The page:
173. Editorial Note
In response to the recommendation of Donald Hornig for a Presidential statement affirming a “no first use” policy with regard to chemical and biological warfare (see Document 154), President Johnson requested that Walt Rostow investigate the possibility of such a statement. Spurgeon Keeny drafted a specific statement for Rostow to forward for clearance or comment by Secretaries Rusk and McNamara and ACDA Director Foster. The draft statement reads as follows:
“There should be no misunderstanding about our policy with regard to biological and chemical warfare. We have never used biological weapons, and we do not intend to initiate the use of biological weapons in the future. We have not engaged in gas warfare since World War I when such weapons were widely used, and we do not intend to initiate the use of gas warfare in the future. Riot control agents and herbicides, both of which are widely used by responsible governments, clearly do not fall in this category, and we have explained our position on them many times.” (Johnson Library, National Security File, Subject File, Warfare, Chemical and Biological, Box 51)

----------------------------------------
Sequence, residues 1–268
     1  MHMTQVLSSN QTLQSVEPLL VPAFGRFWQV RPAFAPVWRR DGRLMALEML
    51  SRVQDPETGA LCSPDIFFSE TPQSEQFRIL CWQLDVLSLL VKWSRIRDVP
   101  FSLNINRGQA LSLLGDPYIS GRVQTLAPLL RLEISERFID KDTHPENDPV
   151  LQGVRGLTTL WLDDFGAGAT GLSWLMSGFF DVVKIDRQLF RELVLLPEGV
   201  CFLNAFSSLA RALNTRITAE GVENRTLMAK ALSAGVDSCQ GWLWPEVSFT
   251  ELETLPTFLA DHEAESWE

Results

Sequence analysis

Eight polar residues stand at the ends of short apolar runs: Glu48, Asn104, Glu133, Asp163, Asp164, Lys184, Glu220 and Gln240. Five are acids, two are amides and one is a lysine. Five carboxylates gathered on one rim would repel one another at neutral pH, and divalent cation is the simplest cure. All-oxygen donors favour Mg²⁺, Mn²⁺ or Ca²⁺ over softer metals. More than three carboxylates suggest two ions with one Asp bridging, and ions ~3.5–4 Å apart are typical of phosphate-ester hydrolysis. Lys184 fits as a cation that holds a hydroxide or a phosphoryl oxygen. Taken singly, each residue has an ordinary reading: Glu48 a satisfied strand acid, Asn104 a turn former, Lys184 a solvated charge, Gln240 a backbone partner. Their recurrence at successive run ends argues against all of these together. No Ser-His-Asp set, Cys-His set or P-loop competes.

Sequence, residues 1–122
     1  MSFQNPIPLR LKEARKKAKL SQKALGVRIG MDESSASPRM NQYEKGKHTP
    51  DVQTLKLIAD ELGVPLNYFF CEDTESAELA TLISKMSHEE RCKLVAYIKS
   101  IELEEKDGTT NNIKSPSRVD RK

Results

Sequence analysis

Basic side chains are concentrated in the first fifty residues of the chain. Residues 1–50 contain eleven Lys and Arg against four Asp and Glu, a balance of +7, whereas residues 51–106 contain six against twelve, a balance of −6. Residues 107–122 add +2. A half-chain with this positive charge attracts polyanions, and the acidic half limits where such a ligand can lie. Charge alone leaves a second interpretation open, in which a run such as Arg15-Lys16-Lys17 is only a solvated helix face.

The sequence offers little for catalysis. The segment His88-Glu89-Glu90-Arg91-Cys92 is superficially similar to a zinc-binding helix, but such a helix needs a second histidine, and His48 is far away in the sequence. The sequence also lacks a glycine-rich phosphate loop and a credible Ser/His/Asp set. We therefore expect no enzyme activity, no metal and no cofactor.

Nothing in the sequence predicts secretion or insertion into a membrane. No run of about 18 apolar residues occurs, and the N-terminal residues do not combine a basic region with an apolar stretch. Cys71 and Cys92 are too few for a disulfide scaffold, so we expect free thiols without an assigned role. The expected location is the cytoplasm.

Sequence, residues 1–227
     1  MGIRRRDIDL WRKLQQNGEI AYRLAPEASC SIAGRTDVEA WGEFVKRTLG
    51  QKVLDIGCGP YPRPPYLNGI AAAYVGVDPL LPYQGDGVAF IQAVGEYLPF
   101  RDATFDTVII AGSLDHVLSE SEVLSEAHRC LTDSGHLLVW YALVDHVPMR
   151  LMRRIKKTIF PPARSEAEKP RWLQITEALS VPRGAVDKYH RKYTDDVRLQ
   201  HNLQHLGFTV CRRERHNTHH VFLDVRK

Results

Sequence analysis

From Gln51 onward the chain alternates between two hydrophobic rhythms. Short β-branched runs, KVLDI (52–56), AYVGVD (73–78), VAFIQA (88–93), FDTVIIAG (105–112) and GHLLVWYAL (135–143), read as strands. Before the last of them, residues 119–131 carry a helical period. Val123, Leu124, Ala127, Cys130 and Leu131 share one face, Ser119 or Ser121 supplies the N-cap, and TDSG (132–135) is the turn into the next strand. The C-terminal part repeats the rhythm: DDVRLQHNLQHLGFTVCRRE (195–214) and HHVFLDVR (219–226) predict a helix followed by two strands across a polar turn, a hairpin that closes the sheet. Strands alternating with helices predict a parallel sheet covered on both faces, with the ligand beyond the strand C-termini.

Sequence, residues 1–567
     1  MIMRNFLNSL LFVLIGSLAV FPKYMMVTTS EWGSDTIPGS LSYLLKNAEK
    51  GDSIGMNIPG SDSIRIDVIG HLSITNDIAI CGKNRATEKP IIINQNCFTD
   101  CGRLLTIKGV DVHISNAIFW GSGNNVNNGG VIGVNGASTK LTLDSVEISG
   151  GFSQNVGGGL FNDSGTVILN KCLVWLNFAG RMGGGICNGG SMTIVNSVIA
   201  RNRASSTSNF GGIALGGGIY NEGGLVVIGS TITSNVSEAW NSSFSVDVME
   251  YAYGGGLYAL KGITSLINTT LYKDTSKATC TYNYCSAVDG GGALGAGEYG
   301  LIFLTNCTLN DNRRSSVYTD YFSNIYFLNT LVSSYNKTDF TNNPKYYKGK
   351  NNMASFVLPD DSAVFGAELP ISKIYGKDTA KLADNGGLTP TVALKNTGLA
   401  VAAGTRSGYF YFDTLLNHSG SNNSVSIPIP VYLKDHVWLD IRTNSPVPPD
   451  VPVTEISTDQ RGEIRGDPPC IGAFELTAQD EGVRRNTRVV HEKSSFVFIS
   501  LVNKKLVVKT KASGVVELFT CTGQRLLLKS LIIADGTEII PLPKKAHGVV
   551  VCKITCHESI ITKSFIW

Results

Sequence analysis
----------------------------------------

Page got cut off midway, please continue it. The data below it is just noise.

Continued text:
In a March 10, 1967, note to Rostow, Keeny explained that he had kept Rostow’s memoranda to the three principals “very short since the principals and their staff know the background of this problem. Moreover, I did not want to appear to prejudice the questions one way or the other except to the extent of indicating Presidential interest in making a statement if it is acceptable to the principals.” (Ibid.) A copy of Rostow’s brief March 10 memorandum to the three principals, which transmitted the statement for clearance or comment, is ibid.
In a March 17 memorandum to Rostow, Katzenbach responded that he concurred in the proposed public statement but suggested that the last sentence be changed, as follows:
“Riot control agents that are widely used by police forces throughout the world, and herbicides that are commonly employed in many countries, clearly do not fall in this category, and we have explained our position on them many times.”
Katzenbach believed that his proposed change “would be more in line with our past statements and make it clear that these agents are widely used domestically and not solely by governments against people of other countries.” (Ibid.)